I’m “biast” (pro): have long held a sneaking suspicion that Pattinson is a pretty good actor; generally like Cronenberg’s films
I’m “biast” (con): nothing
I have not read the source material
(what is this about? see my critic’s minifesto)
A master of the universe — young, very rich, and very very arrogant — holds court in his stretch limo. That’s Cosmopolis, that’s Eric Packer’s world, and Packer is, by all measures, very happy here. Well, for extremely constrained values of happy, to be sure — he appears to take little pleasure in the sorts of things that the rest of us find good fun, like sex with the likes of Juliette Binoche — but that, I think, is kinda that point of screenwriter-director David Cronenberg’s visit to Packer’s world.
Honestly, I’m not sure what Cronenberg’s (Eastern Promises, A History of Violence) point is. Or maybe I’m not sure what novelist Don DeLillo’s point is, for this is based on his book [Amazon U.S.] [Amazon Canada] [Amazon U.K.]. Is it the idea that someone like Eric Packer, for whom moving millions of dollars around the globe is like playing a game of chess, simply isn’t capable of human pleasure, and this is why we should fear him, because he is alien? I’m not sure that’s entirely helpful.
At least there is, for the viewer, pleasure to be found in the arty movieness, like in Robert Pattinson’s (Bel Ami, The Twilight Saga: Breaking Dawn Part 1) performance as Packer: the actor — who has been severely underappreciated, though mostly because of his own bad choices — brings a slick, knowing roboticness to a man desperate to maintain a pretense of control and command of the world around him. In the hands of Pattinson and Cronenberg, Packer becomes a sort of 21st-century object lesson, if one we peons cannot thwart, about assuming that wealth is power… though, again, while Packer may find himself backed into a corner by film’s end, there’s little consolation or even explication for we mere mortals to cling to. Packer may use a gloss of science to justify his psychotic awfulness, the detachment that allows him to ignore the very real crises of the world literally outside his limo, but… so what?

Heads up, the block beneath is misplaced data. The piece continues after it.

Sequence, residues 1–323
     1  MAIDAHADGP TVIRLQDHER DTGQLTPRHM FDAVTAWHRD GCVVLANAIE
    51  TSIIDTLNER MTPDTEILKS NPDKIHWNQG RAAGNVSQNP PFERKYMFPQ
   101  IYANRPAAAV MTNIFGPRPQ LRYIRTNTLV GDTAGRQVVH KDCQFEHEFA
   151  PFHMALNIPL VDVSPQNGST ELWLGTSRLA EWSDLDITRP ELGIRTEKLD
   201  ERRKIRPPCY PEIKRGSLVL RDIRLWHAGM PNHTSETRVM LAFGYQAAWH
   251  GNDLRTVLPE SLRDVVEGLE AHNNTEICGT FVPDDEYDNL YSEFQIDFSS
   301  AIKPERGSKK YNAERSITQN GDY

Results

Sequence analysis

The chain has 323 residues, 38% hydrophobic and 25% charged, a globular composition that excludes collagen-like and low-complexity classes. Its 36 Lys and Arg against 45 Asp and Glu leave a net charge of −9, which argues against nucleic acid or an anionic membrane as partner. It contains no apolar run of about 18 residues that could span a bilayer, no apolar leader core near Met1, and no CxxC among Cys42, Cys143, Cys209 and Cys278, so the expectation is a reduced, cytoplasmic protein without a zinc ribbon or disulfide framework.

It’s grimly fun to see Cronenberg’s pseudo science-fictional sheen cast Packer as something akin to one of the machines that runs the Matrix — and of all the Packer peons who come and go from the limo, most captivating is Samantha Morton, as Packer’s “chief of theory,” enacting a sort of parody of her Minority Report precog and applying it to international finance. But still we’re left with a frustrating sense that Croneberg doesn’t quite know what to do with the inscrutable young man with whom he has inculcated in us a deliberately false sense of intimacy.